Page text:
Bahai News - Missile has no impact on U.S. hopes for Iran
Nation & World : Friday, July 24, 1998
Missile has no impact on U.S. hopes for Iran
by Robin Wright
WASHINGTON - The United States moved quickly yesterday to prevent
troubling developments in Iran - including the test launch of a new
missile - from derailing efforts to open a dialogue with Tehran.
Los Angeles Times
U.S. officials said they hope to continue detente with Iran despite:
-- The disturbing implications of the new missile, which could
strike targets throughout the Middle East.
-- The harsh prison sentence meted out to Tehran's reformist mayor.
-- And the execution of an Iranian member of the Bahai faith
for trying to convert a Muslim.
The White House said U.S. intelligence is "actively monitoring"
Iran's growing military capability. But officials played down the threat
to the region or American forces in the Persian Gulf.
"This is the first test. Additional time is normally required to
bring missiles into serious production and operational status," a senior
White House official said.
U.S. intelligence personnel detected Iran's test of the Shahab-3
missile on Wednesday. The missile has an 800-mile range and could target
Iran's neighbors in the oil-rich Persian Gulf, South Asia, Russia,
Turkey - and Israel.
An import from North Korea and Russia
The Shahab is similar to North Korea's No Dong missile, first tested
in 1993. Tehran has been working with North Korea and Russia for years
to acquire technology and adapt others' missiles for its own use, State
Department spokesman James Rubin said.
The Shahab was fired from a base southwest of Tehran but exploded
before completing its trajectory. U.S. intelligence was uncertain
whether the missile blew up by accident or was deliberately detonated
after its performance was proven.
Despite the ominous implications, a single missile test "does not
change the balance of power," White House press secretary Mike McCurry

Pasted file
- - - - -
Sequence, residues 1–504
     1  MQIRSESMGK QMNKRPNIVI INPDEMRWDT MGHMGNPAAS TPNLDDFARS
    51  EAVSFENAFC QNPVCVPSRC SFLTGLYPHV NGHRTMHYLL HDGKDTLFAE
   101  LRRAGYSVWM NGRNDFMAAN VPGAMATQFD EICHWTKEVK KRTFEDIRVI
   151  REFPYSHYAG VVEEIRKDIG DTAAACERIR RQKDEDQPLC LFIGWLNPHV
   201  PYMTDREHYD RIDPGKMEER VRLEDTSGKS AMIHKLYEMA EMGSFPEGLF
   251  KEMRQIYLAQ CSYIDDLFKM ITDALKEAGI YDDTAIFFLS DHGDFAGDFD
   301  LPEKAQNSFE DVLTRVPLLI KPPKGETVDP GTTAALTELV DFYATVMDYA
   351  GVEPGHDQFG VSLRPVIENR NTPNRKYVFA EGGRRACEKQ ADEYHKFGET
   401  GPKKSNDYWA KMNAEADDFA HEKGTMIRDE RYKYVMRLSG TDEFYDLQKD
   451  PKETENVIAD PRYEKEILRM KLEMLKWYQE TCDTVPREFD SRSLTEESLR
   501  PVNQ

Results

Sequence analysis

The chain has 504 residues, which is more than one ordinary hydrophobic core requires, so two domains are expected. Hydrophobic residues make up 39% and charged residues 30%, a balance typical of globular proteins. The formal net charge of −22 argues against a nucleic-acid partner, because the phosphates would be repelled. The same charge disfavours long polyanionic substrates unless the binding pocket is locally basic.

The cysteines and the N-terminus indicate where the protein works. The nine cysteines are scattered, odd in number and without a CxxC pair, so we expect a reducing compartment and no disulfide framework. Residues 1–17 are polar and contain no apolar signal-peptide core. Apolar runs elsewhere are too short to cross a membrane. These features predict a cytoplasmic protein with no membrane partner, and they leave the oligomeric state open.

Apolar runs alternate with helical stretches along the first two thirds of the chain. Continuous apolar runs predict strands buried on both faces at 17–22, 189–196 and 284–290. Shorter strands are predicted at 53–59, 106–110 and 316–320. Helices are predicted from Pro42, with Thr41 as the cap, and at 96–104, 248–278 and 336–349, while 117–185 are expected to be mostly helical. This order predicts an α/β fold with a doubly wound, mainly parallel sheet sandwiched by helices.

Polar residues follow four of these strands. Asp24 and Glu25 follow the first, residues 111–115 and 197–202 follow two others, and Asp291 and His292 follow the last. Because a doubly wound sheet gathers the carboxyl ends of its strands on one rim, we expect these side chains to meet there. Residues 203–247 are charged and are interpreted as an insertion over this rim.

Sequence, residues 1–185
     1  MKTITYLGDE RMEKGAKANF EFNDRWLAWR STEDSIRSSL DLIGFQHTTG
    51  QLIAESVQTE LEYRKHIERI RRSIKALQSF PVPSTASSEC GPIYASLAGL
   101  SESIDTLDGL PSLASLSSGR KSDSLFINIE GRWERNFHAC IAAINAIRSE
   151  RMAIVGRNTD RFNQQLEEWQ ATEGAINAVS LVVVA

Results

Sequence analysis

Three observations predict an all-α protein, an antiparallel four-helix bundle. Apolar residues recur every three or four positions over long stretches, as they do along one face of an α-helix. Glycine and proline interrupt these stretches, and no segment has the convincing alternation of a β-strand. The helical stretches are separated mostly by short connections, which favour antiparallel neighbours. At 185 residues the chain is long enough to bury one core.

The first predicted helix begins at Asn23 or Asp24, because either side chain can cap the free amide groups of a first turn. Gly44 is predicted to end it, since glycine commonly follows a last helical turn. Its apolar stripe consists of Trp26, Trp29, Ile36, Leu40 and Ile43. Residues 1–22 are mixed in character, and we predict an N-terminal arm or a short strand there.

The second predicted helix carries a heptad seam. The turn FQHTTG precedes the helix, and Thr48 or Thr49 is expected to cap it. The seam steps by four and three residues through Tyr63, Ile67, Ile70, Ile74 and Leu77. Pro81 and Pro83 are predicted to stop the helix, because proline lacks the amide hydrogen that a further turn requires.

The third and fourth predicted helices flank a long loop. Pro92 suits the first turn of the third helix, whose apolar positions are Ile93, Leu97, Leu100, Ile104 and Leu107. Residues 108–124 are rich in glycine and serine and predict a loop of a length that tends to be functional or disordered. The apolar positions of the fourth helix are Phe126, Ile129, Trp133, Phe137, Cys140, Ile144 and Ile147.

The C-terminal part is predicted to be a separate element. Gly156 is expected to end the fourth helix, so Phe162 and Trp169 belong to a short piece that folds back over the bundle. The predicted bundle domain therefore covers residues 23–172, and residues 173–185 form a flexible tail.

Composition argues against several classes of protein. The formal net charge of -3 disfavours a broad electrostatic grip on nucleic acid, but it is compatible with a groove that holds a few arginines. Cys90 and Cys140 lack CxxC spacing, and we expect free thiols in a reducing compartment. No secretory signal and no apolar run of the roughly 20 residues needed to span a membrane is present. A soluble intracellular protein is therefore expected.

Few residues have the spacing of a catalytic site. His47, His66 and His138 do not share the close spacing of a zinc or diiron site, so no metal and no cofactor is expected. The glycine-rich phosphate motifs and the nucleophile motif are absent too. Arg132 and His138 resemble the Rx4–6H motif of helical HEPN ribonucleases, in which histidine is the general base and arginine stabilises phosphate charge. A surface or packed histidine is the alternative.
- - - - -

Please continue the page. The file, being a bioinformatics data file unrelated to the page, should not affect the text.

"U.S. policy is still on course. This test only underscores the need
for dialogue," a senior administration official said. "It is the reason
that one of the first topics we will raise forcefully, if and when we
have a dialogue, will be weapons of mass destruction and why they are
not the best way to secure Iran's interests in the region."
Test was predicted
The missile test was not unexpected. In January, CIA Director George
Tenet told Congress he had revised his agency's earlier estimate that
Iran would not achieve medium-range missile capability for another
"Iran's success in gaining technology and materials from Russian
companies, combined with recent indigenous Iranian advances, means that
it could have a medium-range missile much sooner," Tenet said then. The
CIA had privately forecast a test this year.
"It'll still be a long time, probably many years, before Iran's
missile will be a threat to any of our allies," a senior administration
official said yesterday.
Israel isn't too concerned
Iran also is very unlikely to be able to place chemical or nuclear
warheads on a missile, a U.S. official said. Iran's nuclear program is
at an early stage.
Even Israeli officials said they did not regard the test as an
immediate threat, although they expressed concern about its long-term
"If I read the publicized information correctly, this is not a
missile that can reach Israel," Defense Minister Yitzhak Mordechai said.
"But the very fact of the test launch of long-range missiles by Iran is
grave and constitutes an acute threat that is developing in the Middle
At this stage, Iran's motives appear to be defensive, U.S. and
Israeli experts said. It is not believed to have any active targets in
mind, and there have been no diplomatic crises since Iran's new
reformist president, Mohammad Khatami, undertook a policy of
rapprochement with his Gulf neighbors.
"Missiles are first of all a deterrent. They are meant to deter
Israel against such a possible move such as attacking Iranian nuclear
sites," said Yiftah Shapir, an arms expert at the Jaffee Center for
Strategic Studies in Tel Aviv.
After a devastating eight-year war with Iraq in the 1980s, when
Iraqi Scud missiles rained on Iranian cities and chemical weapons were
used on Iranian civilians, Tehran has sought to develop weapons to
discourage use of the deadliest arms by its neighbors. "Iran feels
vulnerable because it has been the target of aggression. It also lives
in an unstable neighborhood," said Shaul Bakhash, an Iran expert at
Virginia's George Mason University.
Mayor's sentence is more troubling
The Clinton administration, for its part, appeared more alarmed by
internal political developments in Iran than by the missile test. U.S.
officials and Iran experts expressed concern about what they viewed as
the severe sentence imposed on the Tehran mayor, a Khatami ally
convicted of corruption.
Reformist Mayor Gholamhossein Karbaschi was sentenced to five years
in prison, 60 lashes and a large fine, and was banned from politics.
The sentence, U.S. officials said, appeared to signal widespread
opposition by religious conservatives to the policies advocated by
Khatami's moderate government.
©Copyright 1998, The Seattle Times Company
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